Ikponwosa Ero stated that people had been turning to witchcraft “because of the mistaken belief that using their body parts in potions can bring good luck and wealth”, adding that “the majority of victims have been children.”
The Human Rights Council passed a ground-breaking resolution earlier this month condemning human rights violations committed through witchcraft accusations and ritual attacks and called for international consultation and recommendations on the matter.
More action needed
Ms. Ero said she was “gratified that there has been much progress on several continents”, over the last six years “but there is still much to be done.”
She cited a regional action plan on albinism in Africa and awareness-raising campaigns in Africa, and elsewhere, including in countries like Brazil, Japan and Fiji.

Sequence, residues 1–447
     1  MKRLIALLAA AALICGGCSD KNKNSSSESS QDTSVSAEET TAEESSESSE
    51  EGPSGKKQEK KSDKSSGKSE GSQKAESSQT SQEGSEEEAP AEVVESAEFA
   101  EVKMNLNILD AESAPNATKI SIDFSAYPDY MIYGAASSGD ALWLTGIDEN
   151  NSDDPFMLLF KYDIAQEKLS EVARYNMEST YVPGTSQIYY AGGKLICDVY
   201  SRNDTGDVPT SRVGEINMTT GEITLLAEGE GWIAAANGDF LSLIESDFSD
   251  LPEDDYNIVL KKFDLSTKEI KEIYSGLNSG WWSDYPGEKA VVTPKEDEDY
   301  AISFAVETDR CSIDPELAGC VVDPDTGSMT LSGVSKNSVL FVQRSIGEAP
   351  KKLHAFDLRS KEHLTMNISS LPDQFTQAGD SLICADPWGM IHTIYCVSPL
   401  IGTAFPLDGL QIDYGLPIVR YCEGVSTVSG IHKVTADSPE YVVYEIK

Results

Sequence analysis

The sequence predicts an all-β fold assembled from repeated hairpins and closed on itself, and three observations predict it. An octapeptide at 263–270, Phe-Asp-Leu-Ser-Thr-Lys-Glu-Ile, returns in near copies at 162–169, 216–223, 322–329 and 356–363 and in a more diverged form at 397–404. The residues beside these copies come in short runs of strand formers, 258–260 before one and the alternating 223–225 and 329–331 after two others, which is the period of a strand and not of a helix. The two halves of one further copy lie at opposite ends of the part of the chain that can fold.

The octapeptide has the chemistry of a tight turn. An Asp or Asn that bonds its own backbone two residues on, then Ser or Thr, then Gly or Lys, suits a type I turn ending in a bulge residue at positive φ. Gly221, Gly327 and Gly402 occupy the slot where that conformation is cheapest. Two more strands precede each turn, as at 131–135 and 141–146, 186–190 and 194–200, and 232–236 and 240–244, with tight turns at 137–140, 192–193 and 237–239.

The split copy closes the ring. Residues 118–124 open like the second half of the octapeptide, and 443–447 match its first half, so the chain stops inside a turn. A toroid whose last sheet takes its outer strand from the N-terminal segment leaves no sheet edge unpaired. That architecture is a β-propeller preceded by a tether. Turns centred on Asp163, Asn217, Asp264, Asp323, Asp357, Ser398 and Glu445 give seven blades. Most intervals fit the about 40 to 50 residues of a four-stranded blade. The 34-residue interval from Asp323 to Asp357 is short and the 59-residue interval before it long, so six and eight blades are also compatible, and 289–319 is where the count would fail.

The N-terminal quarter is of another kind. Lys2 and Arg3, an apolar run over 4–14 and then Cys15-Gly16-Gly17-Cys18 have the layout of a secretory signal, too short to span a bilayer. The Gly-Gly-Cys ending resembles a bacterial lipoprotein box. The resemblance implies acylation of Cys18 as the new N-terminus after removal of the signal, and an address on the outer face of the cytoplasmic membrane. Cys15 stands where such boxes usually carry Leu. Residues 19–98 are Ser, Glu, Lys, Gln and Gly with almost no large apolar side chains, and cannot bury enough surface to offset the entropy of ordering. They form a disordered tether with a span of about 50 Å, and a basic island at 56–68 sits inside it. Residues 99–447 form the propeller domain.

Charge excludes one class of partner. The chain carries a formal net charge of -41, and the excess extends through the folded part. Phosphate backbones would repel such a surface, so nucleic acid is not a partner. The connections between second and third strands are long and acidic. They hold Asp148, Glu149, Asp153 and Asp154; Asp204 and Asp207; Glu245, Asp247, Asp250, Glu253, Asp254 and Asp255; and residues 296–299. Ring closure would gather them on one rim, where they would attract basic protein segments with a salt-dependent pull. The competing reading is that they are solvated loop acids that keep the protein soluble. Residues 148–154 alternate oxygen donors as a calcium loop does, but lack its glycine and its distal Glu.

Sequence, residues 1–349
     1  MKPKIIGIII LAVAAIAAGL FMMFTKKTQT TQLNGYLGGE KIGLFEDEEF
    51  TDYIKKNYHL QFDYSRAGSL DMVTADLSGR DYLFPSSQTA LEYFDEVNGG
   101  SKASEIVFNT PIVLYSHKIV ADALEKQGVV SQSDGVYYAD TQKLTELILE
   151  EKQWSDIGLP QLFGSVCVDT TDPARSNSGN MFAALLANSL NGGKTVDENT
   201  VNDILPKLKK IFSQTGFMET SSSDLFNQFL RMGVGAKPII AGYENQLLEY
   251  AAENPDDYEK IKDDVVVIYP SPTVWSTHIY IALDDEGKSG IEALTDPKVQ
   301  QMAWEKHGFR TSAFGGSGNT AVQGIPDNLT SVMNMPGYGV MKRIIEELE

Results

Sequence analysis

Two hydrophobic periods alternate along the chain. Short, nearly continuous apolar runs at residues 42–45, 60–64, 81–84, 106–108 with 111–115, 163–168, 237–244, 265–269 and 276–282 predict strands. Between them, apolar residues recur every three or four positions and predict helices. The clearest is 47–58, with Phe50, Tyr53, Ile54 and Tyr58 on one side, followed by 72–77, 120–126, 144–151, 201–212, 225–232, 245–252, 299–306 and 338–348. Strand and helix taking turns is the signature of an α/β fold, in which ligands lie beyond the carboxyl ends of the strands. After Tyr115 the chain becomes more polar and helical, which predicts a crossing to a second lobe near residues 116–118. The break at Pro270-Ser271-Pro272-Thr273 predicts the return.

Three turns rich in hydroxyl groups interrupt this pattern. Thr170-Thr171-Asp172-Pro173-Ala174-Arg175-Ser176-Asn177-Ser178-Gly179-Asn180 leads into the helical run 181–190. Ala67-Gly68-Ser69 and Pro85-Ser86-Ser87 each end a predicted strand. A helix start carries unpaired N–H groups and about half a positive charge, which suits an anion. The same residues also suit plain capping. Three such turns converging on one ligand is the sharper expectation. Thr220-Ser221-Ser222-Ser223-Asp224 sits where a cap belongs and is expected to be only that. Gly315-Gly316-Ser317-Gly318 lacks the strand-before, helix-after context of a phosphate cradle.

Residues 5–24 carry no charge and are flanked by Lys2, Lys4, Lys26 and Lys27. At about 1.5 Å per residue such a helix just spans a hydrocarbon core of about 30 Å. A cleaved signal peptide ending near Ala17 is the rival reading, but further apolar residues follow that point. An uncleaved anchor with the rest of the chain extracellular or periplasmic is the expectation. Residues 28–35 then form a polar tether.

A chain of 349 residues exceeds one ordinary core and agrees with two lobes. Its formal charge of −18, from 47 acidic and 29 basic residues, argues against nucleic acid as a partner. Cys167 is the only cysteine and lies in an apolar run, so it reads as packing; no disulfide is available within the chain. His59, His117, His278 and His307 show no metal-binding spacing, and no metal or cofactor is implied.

Research on albinism has increased more than tenfold and an explosion in data and reliable information has increased understanding of how the right to health, education, and on disability rights and racial discrimination, pertain to people with albinism.
Long road ahead
There has also been increased understanding of the rights of women and children impacted by albinism and the need to protect against harmful practices. “While we have come very far in the fight against these heinous acts, the road ahead remains long and arduous”, Ms. Ero said.
Special Rapporteurs are appointed by the UN Human Rights Council to monitor specific countries or thematic issues.
They serve in their individual capacity and are not UN staff, nor do they receive a salary from the Organization.